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The tears finally rose to the surface when Molly locked eyes with the detective, but it wasn't from her own fear. She was terrified for him and what her death would do to him, because whether she liked it or not, Moriarty was right; Sherlock was not a man who coped with guilt all too well. He lived by equal morals, liked to have every game even and fair. He was in Molly's debt and always would be, so her death would shake up his way of seeing things. Guilt could break down even the strongest of men, and right now Molly was the key to Sherlock's self-destruction.
"Miss me?" Moriarty cooed, just like he had in the announcement of his return. Molly instinctively clawed at his arm around her throat, letting the tears fall as she tried to loosen the grip he had on her. She could barely see, the blur of her tears and the mistiness of terror almost blinding. She felt like she could taste her own heart in her mouth, and her stomach clenched like a fist so hard it made her want to cry out. She could feel her blood, thick and warm on her skin, alarming her horrifically. Red dotted her vision; red for anger, red for terror… red for the end.
"Funnily, no, I didn't." Sherlock said slowly, his voice deadly but calm. Moriarty's grip tightened ever so slightly, like the coil of a snake in the process of suffocating its prey. Molly gasped, finding it increasingly difficult to breathe, and instead tried to focus entirely on Sherlock. She stared desperately at his face, his eyes, his movements, watching him because it was the only thing she knew was safe. Sherlock was safe. Molly tried to cling on to that mere belief, because right now it was the only thing she had left.
The gun pressed harder into her temple, and a sob broke through the block in her throat. Pain exploded in her head, and still she stared at Sherlock. He stared back, slightly closer now, but his companions hadn't moved. They stood completely still, watching, their faces half hidden in shadows in the doorway. She could see that they were male, pale and very intense looking, and flashes of Sherlock's 'Homeless Network' sprung to mind. That both comforted her and concerned her.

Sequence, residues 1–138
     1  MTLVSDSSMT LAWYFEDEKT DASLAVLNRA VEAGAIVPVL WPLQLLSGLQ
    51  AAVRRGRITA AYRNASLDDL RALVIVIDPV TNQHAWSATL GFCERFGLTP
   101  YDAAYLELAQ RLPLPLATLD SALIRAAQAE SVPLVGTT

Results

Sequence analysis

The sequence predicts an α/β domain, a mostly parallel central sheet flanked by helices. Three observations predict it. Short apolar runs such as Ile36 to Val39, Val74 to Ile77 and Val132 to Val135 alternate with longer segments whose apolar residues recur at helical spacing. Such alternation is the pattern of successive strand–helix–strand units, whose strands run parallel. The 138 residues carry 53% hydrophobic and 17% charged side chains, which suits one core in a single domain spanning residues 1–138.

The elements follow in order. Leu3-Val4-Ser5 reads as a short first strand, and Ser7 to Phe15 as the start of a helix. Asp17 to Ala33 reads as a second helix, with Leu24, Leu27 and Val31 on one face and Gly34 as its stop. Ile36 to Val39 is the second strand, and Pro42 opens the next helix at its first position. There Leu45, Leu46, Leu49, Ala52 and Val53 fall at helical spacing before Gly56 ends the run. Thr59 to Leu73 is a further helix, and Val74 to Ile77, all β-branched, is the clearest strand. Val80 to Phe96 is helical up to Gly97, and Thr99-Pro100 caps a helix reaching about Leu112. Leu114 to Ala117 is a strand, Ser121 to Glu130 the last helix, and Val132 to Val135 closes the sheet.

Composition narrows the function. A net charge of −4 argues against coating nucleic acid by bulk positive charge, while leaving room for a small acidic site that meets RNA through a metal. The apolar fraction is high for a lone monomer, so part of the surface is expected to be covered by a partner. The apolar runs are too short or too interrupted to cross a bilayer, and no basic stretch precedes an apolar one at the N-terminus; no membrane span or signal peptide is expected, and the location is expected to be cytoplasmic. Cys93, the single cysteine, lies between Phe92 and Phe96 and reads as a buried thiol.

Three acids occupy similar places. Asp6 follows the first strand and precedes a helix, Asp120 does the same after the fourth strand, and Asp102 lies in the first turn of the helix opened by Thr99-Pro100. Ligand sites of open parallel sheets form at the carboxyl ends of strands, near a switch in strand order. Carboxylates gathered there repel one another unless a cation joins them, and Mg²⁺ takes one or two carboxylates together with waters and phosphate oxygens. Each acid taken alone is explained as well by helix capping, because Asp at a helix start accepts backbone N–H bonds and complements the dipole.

"That hurts, Shirley." Moriarty drawled, and Molly could practically feet his pout against her hair. "I thought it would be good for us to meet again, especially with a spice of drama." He rocked Molly this way and that painfully, making her cry out with a brittle voice. Her nails fought into his arm, nails sharp and demanding for her release, but he hardly seemed to notice. Sherlock took another step, and Moriarty yanked her away. "Ah, ah, ah!"
"Let her go," Sherlock said slowly, the venom in his tone thick and frightening, his crystal eyes flashing.
"Hmm… how about no?" Moriarty cackled, hiding his face in her neck. Molly squirmed, his touch equivalent to spiders crawling up her arm. She felt his head jerk as he gestured to the strangers in the doorway. "Who are your friends?"
"None of your concern." Sherlock told him, his voice dropping lower. "Let her go."
The pressure of the gun on her temple intensified even more, and this time Molly let out loud scream, only to be shushed by the monster holding her. "Shh, shh, quiet now, Molls, you'll draw unwanted attention." He placed a cold kiss on her cheekbone, licking away a tear in the process.
"Please," she begged in a whisper, the words escaping her before she could stop them. "Please…. Don't—!"
"SHUT UP!" Moriarty howled, and the white shock of pain that hit her in the side of her head knocked her sideways.
She heard the cry of her name before the ringing settled in her ears, loud and torturous. She was on the ground, the floor cool and damp beneath her palms, small rocks digging into her knees through her jeans. She couldn't see through the delirium that was her fear and confusion, the beat in her head so intense she thought she could see the pulse of her own heart behind her eyes. Something warm trickled down the side of her face, over her cheek and finally dripping from her chin. She could smell it, salty like rust.
She must have passed out for a few minutes. The closing of her eyes was all it took for her to wake up somewhere else, somewhere both warm and cold. She recognised the brown carpet, the cream walls coated in photos, the roaring of the fireplace. She knew the smell, sweet and mouth-watering because of the baking cookie smell drifting from the kitchen. Molly knew where she was, and she knew how old she was. She was a child again, trapped in a ten year old body. She could even feel the fresh fleeting of her young heart and the natural softness of her hair, a few shades darker back then. She felt young and alive, yet the loneliness was all too familiar.